Understanding Pregnancy Skin Issues - Baby Chick

Understanding Pregnancy Skin Issues

pregnancyPublished March 11, 2019


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Pregnancy changes many things about a woman’s body, but one aspect that often goes unnoticed (other than stretch marks—we all know too well about those!) is other skin issues and problems.1 Some common pregnancy skin complaints are dark spots due to increased melanin levels, melasma or hyperpigmentation, linea nigra, acne, spider veins, and varicose veins. These are all common pregnancy skin issues that are caused by hormonal changes.

Pregnancy Skin Issues


Hyperpigmentation, or “the mask of pregnancy,” is the presence of brown patches on the skin. Melasma is hyperpigmentation on the face, such as the forehead, nose, and cheeks. Ways to help treat this are to avoid sun exposure for the hottest part of the day, use SPF 30 sunscreen, and wear a wide-brimmed hat while in the sun.

Understanding Pregnancy Skin Issues | Baby Chick


Pruritic urticarial papules and plaques of pregnancy (PUPPP) are conditions where red bumps appear on the skin and cause itching, burning, or stinging. The bumps vary in size ranging from small to larger areas creating a plaque. These bumps are found on the breasts, abdomen, legs, arms, or buttocks and should resolve after delivery. Some doctors may prescribe a topical cream or antihistamine to the skin. You can take some home care steps to alleviate the effects of PUPPs, such as washing with lukewarm water, avoiding soap on inflamed areas, applying a cold compress, or wearing loose clothing.

Stretch Marks

Stretch marks are inevitable for most pregnant people, commonly found on the abdomen, buttocks, breasts, and thighs. While keeping the skin hydrated during pregnancy is a good idea, avoiding stretch marks altogether isn’t very common. Once pregnancy is over, stretch marks will fade over time. There are old wives’ tales on how to get rid of stretch marks altogether, but aside from laser treatments or prescription creams, nothing has been proven to be a for-sure cure.

Skin Tags

Skin tags during pregnancy are common; they can appear on the breasts, neck, groin, and back. Unless they get irritated by clothing or frequent movement, they aren’t anything to worry about. If you do want to show your doctor, they should be able to remove them for you. An at-home remedy for skin tags is tying it off at the base with dental floss to restrict the blood flow and then letting it fall off on its own. Some people have also had success rubbing skin tags daily with a cotton ball soaked in apple cider vinegar.


You probably thought you were through with acne after your teen and young adult years, but acne will often flare up again during pregnancy. Continue using good hygiene techniques, such as washing your face with lukewarm water and a mild cleanser. Also, try to keep your hair off your face and restrain from picking at any blemishes or absentmindedly touching your face. Some safe over-the-counter products can contain topical benzoyl peroxide, salicylic acid, azelaic acid, and glycolic acid.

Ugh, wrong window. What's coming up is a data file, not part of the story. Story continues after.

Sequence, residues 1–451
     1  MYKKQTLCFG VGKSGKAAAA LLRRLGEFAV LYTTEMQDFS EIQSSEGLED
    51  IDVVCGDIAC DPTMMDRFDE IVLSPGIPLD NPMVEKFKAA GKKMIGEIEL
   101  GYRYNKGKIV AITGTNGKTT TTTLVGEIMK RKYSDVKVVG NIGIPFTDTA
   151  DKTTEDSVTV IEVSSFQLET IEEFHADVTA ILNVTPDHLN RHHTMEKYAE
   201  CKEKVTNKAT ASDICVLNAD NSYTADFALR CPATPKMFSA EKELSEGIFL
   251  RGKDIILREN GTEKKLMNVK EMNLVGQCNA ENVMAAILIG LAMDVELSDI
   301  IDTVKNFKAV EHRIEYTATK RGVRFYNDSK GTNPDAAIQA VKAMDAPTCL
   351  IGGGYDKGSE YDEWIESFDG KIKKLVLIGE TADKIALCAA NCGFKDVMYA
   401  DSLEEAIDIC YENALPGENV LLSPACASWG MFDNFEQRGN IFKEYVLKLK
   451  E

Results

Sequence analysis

Understanding Pregnancy Skin Issues | Baby Chick

Some unsafe medications during pregnancy are hormonal therapy, retinol, oral tetracycline, and topical retinoid.

Vein Changes

Spider veins are small red veins that appear on the face, neck, and arms. They are due to hormonal changes and increased blood flow. Varicose veins are large and painful, created by increased weight and uterine pressure during pregnancy, leading to decreased blood flow to the legs. Varicose veins can be found on the legs, rectum, vagina, and vulva. They usually are resolved after delivery, but make sure your midwife or doctor knows about them.

To limit the effects of varicose veins or relieve symptoms, try limiting your periods of standing or sitting. Keep your legs uncrossed, keep the legs elevated when possible, exercise often, use support hose, and limit constipation by eating a well-balanced diet and drinking 100 oz of water each day.

Purirgo of Pregnancy

Purirgo of pregnancy is classified by small itchy red bumps that can be mistaken for scabies or bug bites but are actually caused by hormonal changes during pregnancy, affecting the immune system. Symptoms can get worse day by day and sometimes don’t resolve until months after delivery.

Pemphigoid Gestationis

Pemphigoid gestationis is an autoimmune skin disorder characterized by blisters on the abdomen or other parts of the body. It typically appears around the second or third trimester but can also appear immediately after birth. This disorder can increase risks for preterm birth or a small baby.


Intrahepatic cholestasis of pregnancy (ICP) is a third-trimester liver condition that causes severe itching with no evidence of a rash. Itching is generally on the abdomen, palms, and soles of feet. The symptoms of ICP resolve after birth, but this does increase the risk of preterm labor and fetal demise.

Pregnancy does not always lead to glowy, radiant skin. Sometimes it can be downright painful and not beautiful at all. Talk to your care provider before trying any skin care regimen in hopes of taking care of these issues on your own!

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